Friday, November 10, 2006

Adidas 3Q: The Albatross Has Landed

Adidas reported its third-quarter earnings on Thursday. Overall its sales numbers were good, but as soon as Adidas announced that it was adjusting DOWN its profits going forward, Wall Street, which thought that everythig was not just hunky-dory but sunny, had a freaking heart attack and the stock took a major hit.

So what happened? The thorn in Adidas's side was defiitely Reebok, which, for whatever reason, Adidas has not been able to get off the ground since it purchased the company about a year ago. Every buyer I've ever talked to thought Adidas buying Reebok was the stupidest move on the planet, but I think Adidas got starry-eyed at getting its paws on the NBA, NFL and MLB licensees that Reebok owned (Adidas has since snatched the NBA license away from Reebok) and didn't have any clue just how bad Reebok's footwear business was when they purchased it.

And on that note, how bad do you think the Barron's reporter, who made an extremely positive call on Adidas in this article two days before it reported, is feeling today?

The addition of Reebok, which Adidas bought in January for $3.8 billion, is expected to pump up overall sales by more than 40% this year, to about €10 billion. Adidas already is benefiting from Reebok's powerful U.S. distribution network, and it's making a promising push in basketball gear, long the domain of Nike.

Much of this sunny view is rooted in the fact that Reebok showed improvement in backlog between the first and second quarters, and some analysts think that trend continued into the third. Analysts are expecting €1.17 a share, although currency fluctuation could throw off predictions.

Chastened by the Salomon misstep, Adidas appears to be making all the right moves with Reebok. It integrated Reebok management quickly, added marketing and design executives from Adidas and other companies to its Canton, Mass., subsidiary, and aims to reduce discounting to retailers. It's also refocusing Reebok toward performance and rap-inspired styles.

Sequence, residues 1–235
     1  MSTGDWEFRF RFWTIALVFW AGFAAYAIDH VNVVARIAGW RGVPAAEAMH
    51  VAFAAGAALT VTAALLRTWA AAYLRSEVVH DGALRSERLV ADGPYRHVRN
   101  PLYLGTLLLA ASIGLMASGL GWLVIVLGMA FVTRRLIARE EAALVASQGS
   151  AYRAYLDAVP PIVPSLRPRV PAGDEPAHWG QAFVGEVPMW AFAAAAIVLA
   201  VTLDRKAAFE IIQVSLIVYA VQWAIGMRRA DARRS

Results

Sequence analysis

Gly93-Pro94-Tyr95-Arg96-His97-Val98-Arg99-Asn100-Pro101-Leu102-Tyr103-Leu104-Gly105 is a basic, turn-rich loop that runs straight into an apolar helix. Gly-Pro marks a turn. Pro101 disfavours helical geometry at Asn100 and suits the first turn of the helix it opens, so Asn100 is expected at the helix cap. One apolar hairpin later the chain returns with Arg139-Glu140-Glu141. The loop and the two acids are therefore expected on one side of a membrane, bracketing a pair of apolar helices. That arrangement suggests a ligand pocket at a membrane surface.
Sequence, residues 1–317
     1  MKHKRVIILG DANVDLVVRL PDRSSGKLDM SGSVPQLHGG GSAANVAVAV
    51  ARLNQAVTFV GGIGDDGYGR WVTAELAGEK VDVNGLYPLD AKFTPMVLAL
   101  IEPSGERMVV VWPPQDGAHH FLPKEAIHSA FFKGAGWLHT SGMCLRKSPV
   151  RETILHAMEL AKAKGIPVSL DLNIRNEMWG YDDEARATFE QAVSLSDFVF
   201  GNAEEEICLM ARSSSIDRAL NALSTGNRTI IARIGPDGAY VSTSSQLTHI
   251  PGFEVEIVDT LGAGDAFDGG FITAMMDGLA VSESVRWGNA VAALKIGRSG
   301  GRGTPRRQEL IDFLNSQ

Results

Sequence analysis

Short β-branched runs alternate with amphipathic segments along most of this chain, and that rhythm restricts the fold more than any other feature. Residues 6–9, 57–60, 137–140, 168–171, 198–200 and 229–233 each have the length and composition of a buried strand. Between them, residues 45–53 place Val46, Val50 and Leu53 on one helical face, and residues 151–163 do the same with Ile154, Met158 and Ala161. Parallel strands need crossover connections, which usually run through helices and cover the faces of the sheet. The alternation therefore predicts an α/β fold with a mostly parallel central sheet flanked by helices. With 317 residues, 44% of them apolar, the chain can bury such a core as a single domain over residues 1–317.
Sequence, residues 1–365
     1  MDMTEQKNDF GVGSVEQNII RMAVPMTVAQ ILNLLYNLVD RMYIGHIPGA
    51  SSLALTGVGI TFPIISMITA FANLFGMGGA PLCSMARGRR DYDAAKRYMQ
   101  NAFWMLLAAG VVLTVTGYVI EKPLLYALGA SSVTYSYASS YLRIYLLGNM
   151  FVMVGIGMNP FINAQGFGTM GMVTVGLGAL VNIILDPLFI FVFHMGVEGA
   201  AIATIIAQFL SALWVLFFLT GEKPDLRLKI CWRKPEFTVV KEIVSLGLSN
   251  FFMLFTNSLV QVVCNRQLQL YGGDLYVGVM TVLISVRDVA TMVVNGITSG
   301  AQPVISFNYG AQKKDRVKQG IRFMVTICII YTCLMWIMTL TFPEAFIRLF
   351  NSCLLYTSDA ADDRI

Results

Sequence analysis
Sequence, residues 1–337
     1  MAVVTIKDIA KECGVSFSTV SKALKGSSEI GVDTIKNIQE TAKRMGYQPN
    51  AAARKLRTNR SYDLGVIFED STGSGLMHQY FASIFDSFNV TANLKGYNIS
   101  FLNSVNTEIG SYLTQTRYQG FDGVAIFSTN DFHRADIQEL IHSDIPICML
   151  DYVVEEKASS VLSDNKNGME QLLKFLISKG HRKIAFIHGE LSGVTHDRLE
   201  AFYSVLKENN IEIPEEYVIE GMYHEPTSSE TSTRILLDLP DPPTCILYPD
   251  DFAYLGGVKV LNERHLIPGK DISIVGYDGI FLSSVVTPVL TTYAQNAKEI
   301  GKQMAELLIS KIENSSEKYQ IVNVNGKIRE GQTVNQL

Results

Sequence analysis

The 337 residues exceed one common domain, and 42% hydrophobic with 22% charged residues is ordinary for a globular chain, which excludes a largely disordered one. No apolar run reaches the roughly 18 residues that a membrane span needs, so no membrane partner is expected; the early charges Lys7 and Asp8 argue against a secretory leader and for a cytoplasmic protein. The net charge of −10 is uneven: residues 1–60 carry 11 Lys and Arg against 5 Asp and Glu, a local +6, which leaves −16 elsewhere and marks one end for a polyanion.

Not to be a jerk, well okay, I'll admit it, I'm being a jerk, but everything I highlighted in the above article is just plain wrong and could have easily been refuted if this reported had spoken to anyone who actually buys and then attempts to sell Reebok's shoes.

And as long as I'm already kicking a dog that's down, I gotta give a special prize to the reporter for what has got to be one of the lamest sources for a quote I've seen in a looong time:

Ohio public-relations account manager Cheryl Besl, who's completed three marathons since 2002 wearing Adidas, is an ardent fan of Supernovas. She buys at least two pairs of Adidas a year, including a bright-green pair after the Columbus Marathon last month. "They are very comfortable," she says. "I won't try another brand."

Seriously, I blame the editor of this story for letting such a worthless source--one freaking woman, whose credentials for bigging up Adidas's tech-running product is that she works in p.r.--stay in the story. It's nice that she likes Adidas running shoes and even bought a bright-green pair, but sheesh, I'm thinking that the $150 or so she spends on Adidas every year aint gonna have that much of an impact on a billion dollar company.

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